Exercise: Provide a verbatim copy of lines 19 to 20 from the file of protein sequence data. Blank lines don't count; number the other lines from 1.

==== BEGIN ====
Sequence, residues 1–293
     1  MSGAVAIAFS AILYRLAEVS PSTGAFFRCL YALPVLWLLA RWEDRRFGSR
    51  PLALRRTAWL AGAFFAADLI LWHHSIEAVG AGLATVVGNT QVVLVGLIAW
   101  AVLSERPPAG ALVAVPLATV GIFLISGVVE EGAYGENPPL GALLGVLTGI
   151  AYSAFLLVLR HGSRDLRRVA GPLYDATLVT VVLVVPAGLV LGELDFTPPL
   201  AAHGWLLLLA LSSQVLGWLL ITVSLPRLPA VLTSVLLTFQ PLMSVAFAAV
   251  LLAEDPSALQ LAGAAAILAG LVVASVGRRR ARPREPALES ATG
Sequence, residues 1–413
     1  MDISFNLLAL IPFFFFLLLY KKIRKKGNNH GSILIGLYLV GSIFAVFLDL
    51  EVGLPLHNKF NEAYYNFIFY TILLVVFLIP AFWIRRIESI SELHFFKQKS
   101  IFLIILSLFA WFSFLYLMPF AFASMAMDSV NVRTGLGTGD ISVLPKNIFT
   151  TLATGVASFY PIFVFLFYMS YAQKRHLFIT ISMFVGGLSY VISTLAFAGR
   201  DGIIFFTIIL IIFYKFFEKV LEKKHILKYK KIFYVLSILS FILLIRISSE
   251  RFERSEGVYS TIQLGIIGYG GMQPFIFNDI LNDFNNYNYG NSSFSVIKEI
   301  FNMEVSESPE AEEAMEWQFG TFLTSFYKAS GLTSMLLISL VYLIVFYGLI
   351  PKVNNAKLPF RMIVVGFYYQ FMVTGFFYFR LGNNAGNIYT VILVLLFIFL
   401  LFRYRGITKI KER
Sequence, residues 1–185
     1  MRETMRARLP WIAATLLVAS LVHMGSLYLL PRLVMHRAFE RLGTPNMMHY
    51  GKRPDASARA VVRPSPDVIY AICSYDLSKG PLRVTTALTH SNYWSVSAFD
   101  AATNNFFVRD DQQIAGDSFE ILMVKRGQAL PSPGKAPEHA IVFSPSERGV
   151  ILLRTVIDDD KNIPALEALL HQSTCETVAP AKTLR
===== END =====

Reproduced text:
     1  MRETMRARLP WIAATLLVAS LVHMGSLYLL PRLVMHRAFE RLGTPNMMHY
    51  GKRPDASARA VVRPSPDVIY AICSYDLSKG PLRVTTALTH SNYWSVSAFD